At the Democratic presidential debate at Miami Dade College, Vermont Sen. Bernie Sanders aimed to show that he, not former Secretary of State Hillary Clinton, is the better friend of undocumented immigrants. Sanders said that in Vermont, he backed state driver’s licenses for undocumented immigrants. In New York, he said, Clinton opposed it.
Sanders recalled the period in 2014 when tens of thousands of unaccompanied minors surged across the border.
"One of the great human tragedies of recent years is children came from Honduras where there's more violence than in any place in this country, and they came into this country," Sanders said. "And I said welcome these children into this country. Secretary Clinton said, send them back."
Clinton said that wasn’t a fair summary.
The Sanders campaign said they got their information from an interview Clinton gave to CNN’s Christiane Amanpour in June 2014. We looked at the full exchange about what the United States should do with the children.
Amanpour: "Should they be able to stay here? It's safer."
Clinton: "Well -- it may be safer but that's not the answer. I do not -- "
Amanpour: "Should they be sent back?"
Clinton: "Well, first of all, we have to provide the best emergency care we can provide. We have children 5 and 6 years old who have come up from Central America. We need to do more to provide border security in southern Mexico."
Amanpour: "So, you're saying they should be sent back now?"
Clinton: "Well, they should be sent back as soon as it can be determined who responsible adults in their families are, because there are concerns whether all of them should be sent back. But I think all of them who can be should be reunited with their families."
Clinton made a couple of points in that last answer. It is not as simple as saying "send them back," but that was certainly an outcome she supported in some cases.
To be precise, she said they should be sent back if the government can identify responsible adults to care for them. She allowed that it might not be possible to send all of them to their home country.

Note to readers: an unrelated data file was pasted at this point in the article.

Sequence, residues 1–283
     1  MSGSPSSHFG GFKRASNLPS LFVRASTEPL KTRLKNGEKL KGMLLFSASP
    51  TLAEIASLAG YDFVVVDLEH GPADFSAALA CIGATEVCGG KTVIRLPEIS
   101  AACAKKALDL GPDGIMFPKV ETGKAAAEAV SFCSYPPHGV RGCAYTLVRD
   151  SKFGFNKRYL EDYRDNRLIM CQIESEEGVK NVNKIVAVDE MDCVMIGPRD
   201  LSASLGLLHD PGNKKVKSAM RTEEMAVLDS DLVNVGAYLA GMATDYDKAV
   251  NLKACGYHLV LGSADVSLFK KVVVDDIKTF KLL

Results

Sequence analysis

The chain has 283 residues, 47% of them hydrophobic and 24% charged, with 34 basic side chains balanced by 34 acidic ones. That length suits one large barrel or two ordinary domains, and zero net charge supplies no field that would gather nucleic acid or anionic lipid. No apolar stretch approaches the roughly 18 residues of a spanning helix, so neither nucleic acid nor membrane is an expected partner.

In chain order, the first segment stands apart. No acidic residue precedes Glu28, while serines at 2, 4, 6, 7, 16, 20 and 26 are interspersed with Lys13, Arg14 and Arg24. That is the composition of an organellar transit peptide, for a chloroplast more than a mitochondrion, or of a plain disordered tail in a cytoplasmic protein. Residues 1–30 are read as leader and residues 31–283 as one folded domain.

But she indicated a preference.
"I think all of them who can be should be reunited with their families," Clinton said.
It should be noted that at the time, the administration actively pursued a policy to dissuade children and teenagers in Central America from attempting the trip in the first place. The government had open letters printed in local newspapers and paid for advertizing that dispelled any myth that these young people would be allowed to stay if they could get across the border. In July 2014, the White House signaled that it would seek funds to expedite the return of most of the children stopped at the American border.
We sought comment from the Clinton campaign and had not heard back by the time we published.
Sanders said that when undocumented children were streaming across the border, Clinton said, send them back.
That is a bit of an oversimplification. Clinton did not say they should be sent back no matter what. She set the condition that the government should first identify responsible adults to care for them. However, she expressed a preference that as many as possible be sent back. That message was part of the administration’s policy to discourage more young people from attempting the trip.
We rate this statement Mostly True.
Univision/Washington Post, Democratic presidential debate at Miami Dade College, March 9, 2016
CNN, CNN Town Hall - Hillary Clinton's Hard Choices, June 17, 2014
Washington Post, Most children illegally crossing the border alone will be deported, White House signals, July 7, 2014
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